Tag Archives: Drug Addiction

Getting substance abuse facts right

Controlling polysubstance abuse

Controlling polysubstance abuse

Controlling polysubstance abuse is essential in protecting one another from the prevalence of drug addiction

Controlling polysubstance abuse: Drug addiction

We are living in a world where people want to explore all things even those that are dangerous to their lives. Take for example drugs, there are substances which are not just harmful to one’s life but are life threatening and fatal. You wonder why someone would want to take this kind of adventure. I am trying to confuse you but I am simply introducing the topic of “Controlling polysubstance abuse” which is defined as the use of more than three groups of addictive substances over a period of one year. When this happens, pain is registered in the whole family. According to doctor Dalal Akoury MD, President, and founder of AWAREmed Health and Wellness Resource Center, when a person indulges in acts of abusing several substances within a short period of time in an attempt to enhance the effect of a single drug to create a more intense high, death is not far away. You can, however, redeem yourself by seeking for treatment at this facility before it is too late. And as you consider that, the following are some combination drug users have “patterned”:

  • Alcoholics who for example use will cocaine only after they’ve reached a certain state of intoxication meaning that they don’t overuse.
  • Addicts who speedball that is to say that they are mixing cocaine and heroin for intravenous use and other combinations.
  • There is another polysubstance subgroup, consisting mostly of adults already addicted to alcohol. After an injury or surgery, they were placed on opiate medications and developed a pain syndrome over time. They then mixed substances or switched to opiates as their drug of choice.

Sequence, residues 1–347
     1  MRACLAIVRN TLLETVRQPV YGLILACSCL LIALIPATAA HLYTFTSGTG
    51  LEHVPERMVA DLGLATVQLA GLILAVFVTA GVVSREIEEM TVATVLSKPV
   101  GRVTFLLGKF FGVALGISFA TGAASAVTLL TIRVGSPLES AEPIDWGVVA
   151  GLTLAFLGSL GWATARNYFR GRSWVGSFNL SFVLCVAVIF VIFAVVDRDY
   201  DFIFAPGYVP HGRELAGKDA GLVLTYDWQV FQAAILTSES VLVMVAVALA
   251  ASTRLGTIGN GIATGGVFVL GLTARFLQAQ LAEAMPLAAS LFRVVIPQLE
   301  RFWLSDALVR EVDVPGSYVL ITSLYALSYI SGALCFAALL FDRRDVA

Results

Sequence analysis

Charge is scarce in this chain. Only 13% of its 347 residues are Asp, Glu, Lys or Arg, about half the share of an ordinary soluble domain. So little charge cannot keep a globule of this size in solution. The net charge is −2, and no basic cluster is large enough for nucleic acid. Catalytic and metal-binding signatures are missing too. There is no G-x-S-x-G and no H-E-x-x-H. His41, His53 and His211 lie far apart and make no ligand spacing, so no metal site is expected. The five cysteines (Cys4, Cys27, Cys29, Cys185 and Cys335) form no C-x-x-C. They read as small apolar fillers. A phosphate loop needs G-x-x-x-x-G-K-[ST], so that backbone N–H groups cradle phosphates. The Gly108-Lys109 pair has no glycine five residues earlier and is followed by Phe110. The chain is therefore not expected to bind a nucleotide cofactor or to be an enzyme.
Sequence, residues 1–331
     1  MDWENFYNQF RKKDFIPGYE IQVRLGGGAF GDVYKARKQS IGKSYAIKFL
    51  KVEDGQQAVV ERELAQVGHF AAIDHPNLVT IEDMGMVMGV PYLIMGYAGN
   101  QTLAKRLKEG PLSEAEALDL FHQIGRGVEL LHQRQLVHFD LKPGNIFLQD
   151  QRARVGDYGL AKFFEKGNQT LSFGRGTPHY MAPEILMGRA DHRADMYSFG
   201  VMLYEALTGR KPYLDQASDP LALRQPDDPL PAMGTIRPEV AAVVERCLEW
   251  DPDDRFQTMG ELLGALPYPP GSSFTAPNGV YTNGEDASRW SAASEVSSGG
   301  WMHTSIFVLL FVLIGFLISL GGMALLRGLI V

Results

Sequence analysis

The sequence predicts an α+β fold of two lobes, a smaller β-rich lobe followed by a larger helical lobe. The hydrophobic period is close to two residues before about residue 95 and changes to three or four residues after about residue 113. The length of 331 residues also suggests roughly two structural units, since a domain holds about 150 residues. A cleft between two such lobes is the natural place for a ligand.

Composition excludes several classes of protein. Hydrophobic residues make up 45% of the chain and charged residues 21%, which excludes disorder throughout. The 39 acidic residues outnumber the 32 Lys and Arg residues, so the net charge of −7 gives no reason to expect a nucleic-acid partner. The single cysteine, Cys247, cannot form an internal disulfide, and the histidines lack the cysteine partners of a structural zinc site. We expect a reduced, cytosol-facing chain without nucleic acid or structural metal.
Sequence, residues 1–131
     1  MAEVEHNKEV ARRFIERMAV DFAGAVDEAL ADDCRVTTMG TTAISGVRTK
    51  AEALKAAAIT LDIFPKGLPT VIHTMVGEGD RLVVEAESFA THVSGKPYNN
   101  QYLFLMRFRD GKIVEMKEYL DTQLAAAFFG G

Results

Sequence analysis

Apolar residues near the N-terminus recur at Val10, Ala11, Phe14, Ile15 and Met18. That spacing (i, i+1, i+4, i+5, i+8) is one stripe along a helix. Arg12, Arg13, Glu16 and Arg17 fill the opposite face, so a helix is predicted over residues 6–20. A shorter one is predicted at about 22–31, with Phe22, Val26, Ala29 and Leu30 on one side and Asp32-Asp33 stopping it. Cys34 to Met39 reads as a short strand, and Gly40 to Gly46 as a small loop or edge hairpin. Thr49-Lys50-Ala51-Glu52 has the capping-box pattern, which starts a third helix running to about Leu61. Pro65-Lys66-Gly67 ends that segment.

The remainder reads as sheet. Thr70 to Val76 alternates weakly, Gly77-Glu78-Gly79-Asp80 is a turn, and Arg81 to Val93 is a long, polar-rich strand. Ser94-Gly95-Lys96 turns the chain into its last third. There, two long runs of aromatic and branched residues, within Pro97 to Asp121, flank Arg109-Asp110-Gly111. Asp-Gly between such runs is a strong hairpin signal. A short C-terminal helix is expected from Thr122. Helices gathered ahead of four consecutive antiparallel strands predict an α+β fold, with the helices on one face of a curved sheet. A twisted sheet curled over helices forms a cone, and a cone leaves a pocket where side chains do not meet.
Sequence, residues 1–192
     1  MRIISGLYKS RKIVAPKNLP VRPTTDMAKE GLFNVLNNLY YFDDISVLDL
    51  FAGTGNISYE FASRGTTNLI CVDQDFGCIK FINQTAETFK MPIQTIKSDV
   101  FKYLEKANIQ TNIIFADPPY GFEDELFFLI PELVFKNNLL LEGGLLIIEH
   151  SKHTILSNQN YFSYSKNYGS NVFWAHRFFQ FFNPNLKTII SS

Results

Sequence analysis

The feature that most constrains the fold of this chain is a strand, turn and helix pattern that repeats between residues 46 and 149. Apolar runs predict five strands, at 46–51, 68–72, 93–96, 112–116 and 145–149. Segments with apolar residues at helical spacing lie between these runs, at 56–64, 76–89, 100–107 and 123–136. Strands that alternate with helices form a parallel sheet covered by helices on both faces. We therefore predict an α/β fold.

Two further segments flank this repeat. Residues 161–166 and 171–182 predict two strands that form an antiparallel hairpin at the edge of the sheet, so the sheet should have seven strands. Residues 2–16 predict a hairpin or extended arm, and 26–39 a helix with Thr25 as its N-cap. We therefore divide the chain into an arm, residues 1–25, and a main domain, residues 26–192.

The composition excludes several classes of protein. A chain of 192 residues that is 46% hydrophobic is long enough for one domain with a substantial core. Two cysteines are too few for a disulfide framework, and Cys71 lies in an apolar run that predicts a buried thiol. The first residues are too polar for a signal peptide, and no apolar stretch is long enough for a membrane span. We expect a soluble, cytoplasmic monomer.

Controlling polysubstance abuse: Polysubstance abuse among different populations

Adult polysubstance abuse, according to literature, is associated with other mental health conditions. Homelessness, personality disorders, and psychiatric disorders such as major depression, psychosis, and bipolar disorder are common. The overlap of polysubstance dependence and psychiatric problems points to a lot of self-medication. Typically, among multiple substance users, individuals used alcohol or marijuana at an early age and then added other substances without quitting their original substances.

  • Among young people, polysubstance abuse is often the norm and not the exception. The most commonly abused polysubstance by adolescents are marijuana, alcohol, and heroin. Other drugs used include MDMA (ecstasy), dextromethorphan, multiple forms of opiates, cocaine, hallucinogens, and inhalants.
  • One treatment facility said that 33 percent of the adolescents currently in treatment had a polysubstance addiction.
  • The elderly are another population that clearly has a problem with polysubstance abuse.
  • Older people have more medical conditions that often require prescriptions. Over time with debilitating illnesses such as Alzheimer’s disease, the tendency to over medicate (taking more of a drug, more often, forgetting when and if the medication was already taken) increases the likelihood of polysubstance abuse. Combined with alcohol, the results can be devastating, even fatal.
  • Elderly women tend to keep their substance abuse and chemical dependency secret. Alcoholism occurs later in women’s lives, perhaps due to problems associated with divorce or separation. Women who are over 55 have less tolerance for alcohol and are therefore more prone to addiction. They are also less likely than men to seek treatment and also use prescribed psychoactive drugs.

Controlling polysubstance abuse: Drug addiction

Prescription drug addictions

Prescription drug addictions

Prescription drug addictions is becoming a common disturbing phenomenon

Prescription drug addictions: Leaving no stone unturned

For a very long time, people did not take seriously that prescription drugs could be abused since they are endorsed medically by doctors. But things are changing and prescription drug addictions have become one of the serious problems people are dealing with sometimes even more than most of the street drugs. We totally agree that painkillers, tranquilizers, antidepressants, sleeping pills, and stimulants may appear “safe” due to the fact that they are being prescribed by doctors, however, they can be just as addictive and potent as the heroin or cocaine sold on the street. The painkiller OxyContin, for example, is as powerful as heroin and affects the body in the same way. Continued use of painkillers, depressants (“downers”), Stimulants (“uppers”) or antidepressants can lead to addiction—and painful withdrawal symptoms for those who try to quit. The following is a brief explanation about some of the inhalants listed above: